Army turning attention to software engineering and reuse for common fire-control system

PICATINNY ARSENAL, N.J., 22 July 2016. U.S. Army artillery and weapons experts are making progress in in software to consolidate fire-control of artillery, mortars, missiles, and other tactical weapons into one common fire-control system across a variety of weapon systems.

Jul 22nd, 2016
Army turning attention to software engineering and reuse for common fire-control system
Army turning attention to software engineering and reuse for common fire-control system
PICATINNY ARSENAL, N.J., 22 July 2016. U.S. Army artillery and weapons experts are making progress in software to consolidate fire-control of artillery, mortars, missiles, and other tactical weapons into one common fire-control system across a variety of weapon systems.

Officials of the Army Contracting Command at Picatinny Arsenal, N.J., announced a $7.2 million contract modification Thursday to RDM Engineering in Oak Ridge, N.J., for software engineering services that include software design and development a common fire-control system.

The contract modification includes software coding, implementation, testing, systems integration, and fielding support for the Army Research, Development, Engineering Command (ARDEC) Armament Research Development and Engineering Center at Picatinny Arsenal.

Army experts are developing a common fire-control system for computerized weapon systems like mortars, towed artillery, self-propelled artillery, and missiles in an effort to cut the costs of testing, development time, maintenance, and training for Army weapons crews.

Related: BAE Systems to upgrade more Paladin 155-millimeter artillery systems with digital fire control

Such a common fire-control system would provide a familiar interface across a variety of weapons platforms to weapons crews, which is expected to ease weapons use and enable crews to learn new systems quickly as new products and systems upgrades go to the field.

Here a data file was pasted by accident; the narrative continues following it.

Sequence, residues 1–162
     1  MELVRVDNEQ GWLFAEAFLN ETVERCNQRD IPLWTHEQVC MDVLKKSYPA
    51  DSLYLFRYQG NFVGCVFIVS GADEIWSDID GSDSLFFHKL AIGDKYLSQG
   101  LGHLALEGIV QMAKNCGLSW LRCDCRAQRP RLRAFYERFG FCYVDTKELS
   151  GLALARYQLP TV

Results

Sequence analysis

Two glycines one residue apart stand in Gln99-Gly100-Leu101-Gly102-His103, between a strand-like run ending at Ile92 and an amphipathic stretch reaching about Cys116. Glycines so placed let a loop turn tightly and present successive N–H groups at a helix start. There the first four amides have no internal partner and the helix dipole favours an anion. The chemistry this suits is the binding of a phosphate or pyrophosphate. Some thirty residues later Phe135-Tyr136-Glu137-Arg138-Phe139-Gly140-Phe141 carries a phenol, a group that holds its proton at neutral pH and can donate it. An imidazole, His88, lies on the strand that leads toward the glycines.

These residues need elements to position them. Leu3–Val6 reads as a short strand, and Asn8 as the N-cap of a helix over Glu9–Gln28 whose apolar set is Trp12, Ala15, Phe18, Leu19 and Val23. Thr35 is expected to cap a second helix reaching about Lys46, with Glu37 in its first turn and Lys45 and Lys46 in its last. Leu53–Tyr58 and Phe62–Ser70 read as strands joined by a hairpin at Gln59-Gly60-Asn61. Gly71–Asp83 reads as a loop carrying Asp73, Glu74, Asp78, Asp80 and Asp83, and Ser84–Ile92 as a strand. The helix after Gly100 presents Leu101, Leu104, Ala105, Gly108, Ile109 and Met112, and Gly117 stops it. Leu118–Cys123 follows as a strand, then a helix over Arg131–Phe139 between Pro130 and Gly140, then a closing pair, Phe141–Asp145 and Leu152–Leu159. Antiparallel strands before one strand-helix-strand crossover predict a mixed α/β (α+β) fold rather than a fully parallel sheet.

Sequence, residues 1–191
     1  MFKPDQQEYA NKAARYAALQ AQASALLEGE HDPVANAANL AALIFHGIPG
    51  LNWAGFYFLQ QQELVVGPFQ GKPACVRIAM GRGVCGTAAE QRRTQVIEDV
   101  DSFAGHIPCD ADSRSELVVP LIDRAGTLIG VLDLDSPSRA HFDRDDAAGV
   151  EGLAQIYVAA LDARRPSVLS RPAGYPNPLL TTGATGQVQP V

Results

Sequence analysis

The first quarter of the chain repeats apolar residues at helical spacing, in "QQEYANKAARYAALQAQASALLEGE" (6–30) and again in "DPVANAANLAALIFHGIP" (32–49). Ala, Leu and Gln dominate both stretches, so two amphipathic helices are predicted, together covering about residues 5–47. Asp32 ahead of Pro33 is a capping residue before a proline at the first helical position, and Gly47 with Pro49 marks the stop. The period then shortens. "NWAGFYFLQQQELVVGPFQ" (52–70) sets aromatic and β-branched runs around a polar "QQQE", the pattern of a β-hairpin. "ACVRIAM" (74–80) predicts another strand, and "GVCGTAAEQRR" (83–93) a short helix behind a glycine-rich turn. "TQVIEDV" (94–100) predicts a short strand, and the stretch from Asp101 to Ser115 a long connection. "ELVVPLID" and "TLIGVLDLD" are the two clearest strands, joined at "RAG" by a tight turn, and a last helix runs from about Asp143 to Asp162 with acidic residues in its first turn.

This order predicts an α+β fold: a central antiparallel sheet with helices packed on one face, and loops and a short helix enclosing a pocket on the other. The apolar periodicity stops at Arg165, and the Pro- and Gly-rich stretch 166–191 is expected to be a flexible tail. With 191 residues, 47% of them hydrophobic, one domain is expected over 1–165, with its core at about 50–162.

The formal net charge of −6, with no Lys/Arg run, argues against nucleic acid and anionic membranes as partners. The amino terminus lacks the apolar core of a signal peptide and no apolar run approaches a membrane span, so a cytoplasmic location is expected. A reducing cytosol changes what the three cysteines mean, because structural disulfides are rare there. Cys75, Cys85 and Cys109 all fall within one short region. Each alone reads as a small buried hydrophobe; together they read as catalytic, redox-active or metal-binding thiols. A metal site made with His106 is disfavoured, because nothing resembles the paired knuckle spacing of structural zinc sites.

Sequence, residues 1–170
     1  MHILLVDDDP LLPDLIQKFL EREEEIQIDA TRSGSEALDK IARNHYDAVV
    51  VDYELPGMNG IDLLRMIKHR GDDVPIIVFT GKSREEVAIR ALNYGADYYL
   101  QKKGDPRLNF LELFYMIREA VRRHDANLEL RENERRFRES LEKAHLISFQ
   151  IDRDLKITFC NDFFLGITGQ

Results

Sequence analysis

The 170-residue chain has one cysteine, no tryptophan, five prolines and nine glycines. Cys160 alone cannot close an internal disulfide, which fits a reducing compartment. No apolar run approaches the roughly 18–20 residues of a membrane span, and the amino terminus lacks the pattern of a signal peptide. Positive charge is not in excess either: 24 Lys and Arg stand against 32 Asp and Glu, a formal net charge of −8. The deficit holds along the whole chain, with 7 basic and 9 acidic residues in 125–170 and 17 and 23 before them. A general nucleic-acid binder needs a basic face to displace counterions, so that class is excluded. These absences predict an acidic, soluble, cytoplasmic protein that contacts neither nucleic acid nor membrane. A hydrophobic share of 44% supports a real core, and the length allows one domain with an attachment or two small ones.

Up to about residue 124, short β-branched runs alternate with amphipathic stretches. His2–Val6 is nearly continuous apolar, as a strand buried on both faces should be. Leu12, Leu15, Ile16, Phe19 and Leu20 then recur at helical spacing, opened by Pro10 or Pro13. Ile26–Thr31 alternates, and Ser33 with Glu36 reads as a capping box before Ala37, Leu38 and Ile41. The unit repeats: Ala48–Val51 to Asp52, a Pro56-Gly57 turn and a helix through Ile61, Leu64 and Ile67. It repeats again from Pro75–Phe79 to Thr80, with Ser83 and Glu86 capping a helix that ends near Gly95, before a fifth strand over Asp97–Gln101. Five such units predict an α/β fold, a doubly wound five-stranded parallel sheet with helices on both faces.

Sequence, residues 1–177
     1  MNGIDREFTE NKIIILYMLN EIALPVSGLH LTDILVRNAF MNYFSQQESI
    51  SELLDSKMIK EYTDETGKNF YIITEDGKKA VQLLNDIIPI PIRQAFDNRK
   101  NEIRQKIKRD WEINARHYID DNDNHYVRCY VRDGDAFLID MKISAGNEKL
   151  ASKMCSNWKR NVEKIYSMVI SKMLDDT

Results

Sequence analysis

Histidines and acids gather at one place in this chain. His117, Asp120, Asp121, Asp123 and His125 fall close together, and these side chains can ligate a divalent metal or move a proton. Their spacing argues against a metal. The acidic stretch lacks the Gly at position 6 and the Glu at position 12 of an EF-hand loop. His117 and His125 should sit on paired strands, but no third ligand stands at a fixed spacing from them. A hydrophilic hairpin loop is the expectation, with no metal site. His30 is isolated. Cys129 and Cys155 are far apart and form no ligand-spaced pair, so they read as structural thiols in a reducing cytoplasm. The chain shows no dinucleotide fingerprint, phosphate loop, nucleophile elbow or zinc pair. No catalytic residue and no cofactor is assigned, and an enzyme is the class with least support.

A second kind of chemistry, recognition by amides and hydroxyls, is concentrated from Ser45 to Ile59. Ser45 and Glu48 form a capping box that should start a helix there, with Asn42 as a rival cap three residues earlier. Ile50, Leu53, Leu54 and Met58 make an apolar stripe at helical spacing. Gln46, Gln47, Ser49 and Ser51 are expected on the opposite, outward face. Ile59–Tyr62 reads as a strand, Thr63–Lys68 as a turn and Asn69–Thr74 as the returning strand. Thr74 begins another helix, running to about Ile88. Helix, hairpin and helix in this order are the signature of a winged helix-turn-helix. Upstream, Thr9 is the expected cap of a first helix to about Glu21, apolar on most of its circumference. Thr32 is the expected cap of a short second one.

A common fire-control system also could speed weapons development and fielding because systems designers could reuse software and hardware rather than developing each new system from scratch.

Army experts have been working on developing a common fire-control system since at least 2000 when systems designers reused software and hardware of the 120-millimeter Mortar Fire Control System-Heavy (MFCS-H) on the 120-millimeter Mortar Fire Control System-Dismounted (MFCS-D) for infantry soldiers.

That move saved the Army three years and nearly $10 million, and encouraged systems designers to start reusing fire-control hardware and software on the Army's DragonFire II mortar system; Portable Excalibur Fire Control System heavy artillery system; Lightweight Handheld Mortar Ballistic Computer; M119 105-millimeter towed howitzer; Towed Artillery Digitization; Expeditionary Fire Support System Demo; and MFCS for Stryker, officials say.

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Army leaders reportedly also are working on extending the common fire-control system technology to land-based missiles, as well as to weapons systems in other military services. Experts also are working on cyber security for the common fire-control system.

On the software engineering contract modification announced Thursday RDM Engineering will do the work at Picatinny Arsenal, N.J., and should be finished by July 2017.

For more information contact RDM Engineering online at www.rdm-engineering.com, the Army Contracting Command at http://acc.army.mil, or the ARDEC Armament Research Development and Engineering Center at www.ardec.army.mil.

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